Hepatitis C virus (HCV) is a progressive disease that infects more than 185 million individuals worldwide and is associated with persistence of viral replication and ongoing necroinflammation and fibrosis. To date 20% of patients chronically infected with HCV progress to cirrhosis. Epidemiological studies demonstrate that the incidence of HCV is not well known, because acute infection is generally asymptomatic. The global prevalence is about 2.2% and there is a large degree of geographic variability. Before the 2011, the gold standard of therapy for the treatment of chronic hepatitis C (CHC) was based on the combination of pegylated Interferon (peg-IFN) and Ribavirin (RBV). However, several aspects related to safety profile limited their use in clinical practice. In the recent years, thanks to basic research on HCV structure and replicative cycle, it has been possible to develop direct acting antiviral drugs that have dramatically increased the viral clearance rate. Specifically, the advent of the triple therapy employing direct acting antivirals has dramatically increased the viral clearance rate, from less than 10%, with the initial regimen of IFN monotherapy, to more than 95% with the current therapy. Even though new medications for hepatitis C are effective disease modifiers and have the potential, in a long term perspective, to eradicate the pathology, the cost of new treatments are unlikely to be sustainable for the NHSs. The evidence documenting the effectiveness and tolerability of the new therapies for HCV and several pharmacoeconomic analysis, shows that despite the cost, the new treatments can be considered cost-effective in the long period. However, the health care systems are unable to compensate the height financial resources immediately needed for treating patients with the long terms savings that will be obtained from the eradication of HCV. Indeed, new pharmaceutical policy and a global commitment is required to improve strategies of treatment and price negotiation with pharmaceutical companies to move from a theoretical cost-effectiveness approach to a practical cost-sustainable reality.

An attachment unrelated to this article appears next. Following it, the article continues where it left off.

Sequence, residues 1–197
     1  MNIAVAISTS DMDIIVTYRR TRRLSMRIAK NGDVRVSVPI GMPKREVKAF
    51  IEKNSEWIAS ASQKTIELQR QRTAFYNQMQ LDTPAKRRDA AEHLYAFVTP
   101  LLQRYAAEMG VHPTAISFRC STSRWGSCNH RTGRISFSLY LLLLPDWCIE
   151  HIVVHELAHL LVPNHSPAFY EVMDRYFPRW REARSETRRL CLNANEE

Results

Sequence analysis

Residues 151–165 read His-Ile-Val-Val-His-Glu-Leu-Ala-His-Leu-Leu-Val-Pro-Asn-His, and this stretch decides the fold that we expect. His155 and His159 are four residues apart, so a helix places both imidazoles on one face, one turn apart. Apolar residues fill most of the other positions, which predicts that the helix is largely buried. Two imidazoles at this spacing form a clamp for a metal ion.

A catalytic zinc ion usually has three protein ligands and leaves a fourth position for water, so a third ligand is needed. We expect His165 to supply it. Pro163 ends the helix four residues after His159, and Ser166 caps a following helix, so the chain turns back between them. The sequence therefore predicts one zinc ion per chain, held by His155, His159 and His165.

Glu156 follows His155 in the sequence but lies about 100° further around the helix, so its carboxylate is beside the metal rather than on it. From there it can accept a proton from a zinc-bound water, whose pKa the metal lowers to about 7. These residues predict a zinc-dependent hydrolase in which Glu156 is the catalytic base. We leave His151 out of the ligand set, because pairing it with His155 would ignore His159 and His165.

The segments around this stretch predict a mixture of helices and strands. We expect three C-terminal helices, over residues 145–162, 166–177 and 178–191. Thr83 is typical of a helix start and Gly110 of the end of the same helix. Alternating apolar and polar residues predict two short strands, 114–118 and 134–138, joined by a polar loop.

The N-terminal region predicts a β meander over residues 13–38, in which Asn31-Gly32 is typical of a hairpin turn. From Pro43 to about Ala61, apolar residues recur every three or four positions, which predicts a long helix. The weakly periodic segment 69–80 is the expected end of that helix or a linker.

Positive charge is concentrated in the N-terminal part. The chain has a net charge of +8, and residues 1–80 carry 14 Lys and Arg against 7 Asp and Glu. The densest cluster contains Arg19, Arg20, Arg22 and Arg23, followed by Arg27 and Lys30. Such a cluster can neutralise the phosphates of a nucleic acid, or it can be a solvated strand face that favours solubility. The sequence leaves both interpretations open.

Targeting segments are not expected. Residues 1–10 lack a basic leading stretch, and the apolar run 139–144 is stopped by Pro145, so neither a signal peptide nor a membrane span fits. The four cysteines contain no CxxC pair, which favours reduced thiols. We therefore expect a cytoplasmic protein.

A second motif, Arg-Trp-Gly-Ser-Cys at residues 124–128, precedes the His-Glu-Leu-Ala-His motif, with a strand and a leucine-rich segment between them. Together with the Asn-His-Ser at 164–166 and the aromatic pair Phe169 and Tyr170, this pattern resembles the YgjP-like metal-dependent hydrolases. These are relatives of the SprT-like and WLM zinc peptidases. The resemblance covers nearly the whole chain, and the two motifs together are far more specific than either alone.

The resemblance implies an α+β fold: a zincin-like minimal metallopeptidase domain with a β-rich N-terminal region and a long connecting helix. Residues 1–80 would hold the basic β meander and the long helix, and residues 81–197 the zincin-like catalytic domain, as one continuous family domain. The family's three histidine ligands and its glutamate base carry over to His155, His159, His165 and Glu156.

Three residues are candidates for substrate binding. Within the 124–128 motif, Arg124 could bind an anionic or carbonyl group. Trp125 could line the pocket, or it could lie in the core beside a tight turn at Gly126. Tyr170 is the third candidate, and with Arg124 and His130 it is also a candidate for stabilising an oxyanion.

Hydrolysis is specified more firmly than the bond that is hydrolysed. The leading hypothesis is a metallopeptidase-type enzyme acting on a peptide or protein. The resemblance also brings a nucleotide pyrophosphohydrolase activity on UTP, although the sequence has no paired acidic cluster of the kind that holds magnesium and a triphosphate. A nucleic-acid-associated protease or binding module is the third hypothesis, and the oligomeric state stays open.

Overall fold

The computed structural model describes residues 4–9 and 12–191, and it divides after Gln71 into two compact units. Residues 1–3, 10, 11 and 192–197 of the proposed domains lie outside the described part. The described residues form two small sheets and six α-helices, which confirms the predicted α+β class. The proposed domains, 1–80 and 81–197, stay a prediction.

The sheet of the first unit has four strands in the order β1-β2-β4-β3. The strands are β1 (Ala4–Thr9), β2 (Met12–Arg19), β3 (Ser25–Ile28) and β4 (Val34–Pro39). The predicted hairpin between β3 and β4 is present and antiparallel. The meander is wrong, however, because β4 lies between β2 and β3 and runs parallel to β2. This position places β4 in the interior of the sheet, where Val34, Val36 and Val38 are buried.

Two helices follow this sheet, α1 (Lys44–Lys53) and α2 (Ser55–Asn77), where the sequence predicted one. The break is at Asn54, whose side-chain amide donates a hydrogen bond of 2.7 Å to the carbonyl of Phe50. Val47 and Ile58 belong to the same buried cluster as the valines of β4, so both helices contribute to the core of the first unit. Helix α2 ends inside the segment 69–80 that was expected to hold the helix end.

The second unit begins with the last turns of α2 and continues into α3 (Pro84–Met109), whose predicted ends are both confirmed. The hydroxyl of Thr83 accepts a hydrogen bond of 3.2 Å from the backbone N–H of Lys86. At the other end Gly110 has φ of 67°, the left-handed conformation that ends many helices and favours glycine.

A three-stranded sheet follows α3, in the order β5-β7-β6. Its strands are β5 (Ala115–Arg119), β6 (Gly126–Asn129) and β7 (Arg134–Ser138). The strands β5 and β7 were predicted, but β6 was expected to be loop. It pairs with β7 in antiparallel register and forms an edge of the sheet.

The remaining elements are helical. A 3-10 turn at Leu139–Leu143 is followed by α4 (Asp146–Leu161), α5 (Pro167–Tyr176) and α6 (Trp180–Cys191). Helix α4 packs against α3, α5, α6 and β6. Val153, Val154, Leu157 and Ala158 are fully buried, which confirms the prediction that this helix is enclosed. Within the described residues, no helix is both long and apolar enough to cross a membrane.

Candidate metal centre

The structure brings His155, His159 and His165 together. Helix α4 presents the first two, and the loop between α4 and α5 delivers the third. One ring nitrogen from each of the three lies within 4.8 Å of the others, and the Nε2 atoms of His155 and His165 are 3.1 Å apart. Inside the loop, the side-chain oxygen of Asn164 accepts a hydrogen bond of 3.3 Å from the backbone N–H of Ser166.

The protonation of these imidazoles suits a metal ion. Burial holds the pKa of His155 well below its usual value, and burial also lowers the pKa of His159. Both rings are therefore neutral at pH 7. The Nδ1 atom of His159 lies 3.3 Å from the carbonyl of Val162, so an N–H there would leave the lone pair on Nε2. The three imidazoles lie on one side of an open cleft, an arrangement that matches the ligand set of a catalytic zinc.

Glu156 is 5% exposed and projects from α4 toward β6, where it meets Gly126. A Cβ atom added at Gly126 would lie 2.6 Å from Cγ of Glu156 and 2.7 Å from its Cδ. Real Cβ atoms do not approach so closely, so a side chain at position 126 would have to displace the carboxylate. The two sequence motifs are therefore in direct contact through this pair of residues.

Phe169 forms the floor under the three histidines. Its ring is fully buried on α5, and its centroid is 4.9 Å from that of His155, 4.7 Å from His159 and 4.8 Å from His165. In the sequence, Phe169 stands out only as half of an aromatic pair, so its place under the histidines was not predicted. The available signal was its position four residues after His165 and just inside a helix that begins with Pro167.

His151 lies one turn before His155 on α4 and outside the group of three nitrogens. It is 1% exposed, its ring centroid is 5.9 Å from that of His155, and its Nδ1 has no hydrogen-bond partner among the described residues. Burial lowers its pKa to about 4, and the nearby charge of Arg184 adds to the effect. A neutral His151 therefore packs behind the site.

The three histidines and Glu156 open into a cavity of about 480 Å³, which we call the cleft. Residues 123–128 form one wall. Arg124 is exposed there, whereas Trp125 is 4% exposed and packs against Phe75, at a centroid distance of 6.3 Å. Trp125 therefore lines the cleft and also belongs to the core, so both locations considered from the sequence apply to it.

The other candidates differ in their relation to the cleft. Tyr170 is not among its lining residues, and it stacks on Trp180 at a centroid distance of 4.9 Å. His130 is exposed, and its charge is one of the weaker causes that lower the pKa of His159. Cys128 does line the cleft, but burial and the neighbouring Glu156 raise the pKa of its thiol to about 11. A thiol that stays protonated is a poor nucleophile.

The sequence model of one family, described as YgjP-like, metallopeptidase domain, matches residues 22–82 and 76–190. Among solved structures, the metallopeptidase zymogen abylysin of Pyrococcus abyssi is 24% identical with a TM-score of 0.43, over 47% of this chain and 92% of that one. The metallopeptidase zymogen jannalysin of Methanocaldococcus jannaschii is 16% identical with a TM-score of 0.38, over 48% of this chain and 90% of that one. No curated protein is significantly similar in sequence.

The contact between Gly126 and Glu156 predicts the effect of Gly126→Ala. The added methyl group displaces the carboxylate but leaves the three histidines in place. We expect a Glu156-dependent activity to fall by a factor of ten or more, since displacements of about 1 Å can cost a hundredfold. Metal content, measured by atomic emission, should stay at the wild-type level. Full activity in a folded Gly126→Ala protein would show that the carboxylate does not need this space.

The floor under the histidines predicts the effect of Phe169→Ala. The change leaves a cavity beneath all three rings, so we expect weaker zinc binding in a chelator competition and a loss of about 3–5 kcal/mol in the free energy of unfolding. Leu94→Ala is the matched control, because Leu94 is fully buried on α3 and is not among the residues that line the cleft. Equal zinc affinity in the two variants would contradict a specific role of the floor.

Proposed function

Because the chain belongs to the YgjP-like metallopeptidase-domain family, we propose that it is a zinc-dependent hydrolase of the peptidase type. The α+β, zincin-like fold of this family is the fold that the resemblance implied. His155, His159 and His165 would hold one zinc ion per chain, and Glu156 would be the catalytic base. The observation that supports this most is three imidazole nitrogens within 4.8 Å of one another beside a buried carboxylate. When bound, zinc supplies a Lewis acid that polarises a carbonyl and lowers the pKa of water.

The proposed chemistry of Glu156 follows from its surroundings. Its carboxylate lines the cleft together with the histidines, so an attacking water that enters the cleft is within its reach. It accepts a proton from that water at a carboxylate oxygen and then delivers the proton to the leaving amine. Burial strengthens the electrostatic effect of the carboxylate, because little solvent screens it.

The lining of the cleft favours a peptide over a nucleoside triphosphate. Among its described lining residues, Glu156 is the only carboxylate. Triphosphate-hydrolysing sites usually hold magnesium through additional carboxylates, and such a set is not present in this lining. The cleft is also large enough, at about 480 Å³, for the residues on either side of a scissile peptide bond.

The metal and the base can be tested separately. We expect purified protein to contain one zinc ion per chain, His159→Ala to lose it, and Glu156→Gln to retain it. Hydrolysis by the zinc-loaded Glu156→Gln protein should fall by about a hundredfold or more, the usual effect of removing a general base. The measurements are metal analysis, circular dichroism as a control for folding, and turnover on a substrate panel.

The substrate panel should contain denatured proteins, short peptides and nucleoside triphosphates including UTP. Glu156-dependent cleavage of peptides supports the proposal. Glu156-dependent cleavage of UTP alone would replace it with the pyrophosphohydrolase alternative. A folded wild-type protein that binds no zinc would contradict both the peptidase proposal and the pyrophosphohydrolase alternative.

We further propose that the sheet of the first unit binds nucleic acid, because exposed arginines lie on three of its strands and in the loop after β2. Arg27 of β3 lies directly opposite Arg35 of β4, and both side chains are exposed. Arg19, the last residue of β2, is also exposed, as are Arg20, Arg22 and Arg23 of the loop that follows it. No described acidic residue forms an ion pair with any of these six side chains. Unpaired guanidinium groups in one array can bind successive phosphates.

Part of the book: Recent Advances in Liver Diseases and Surgery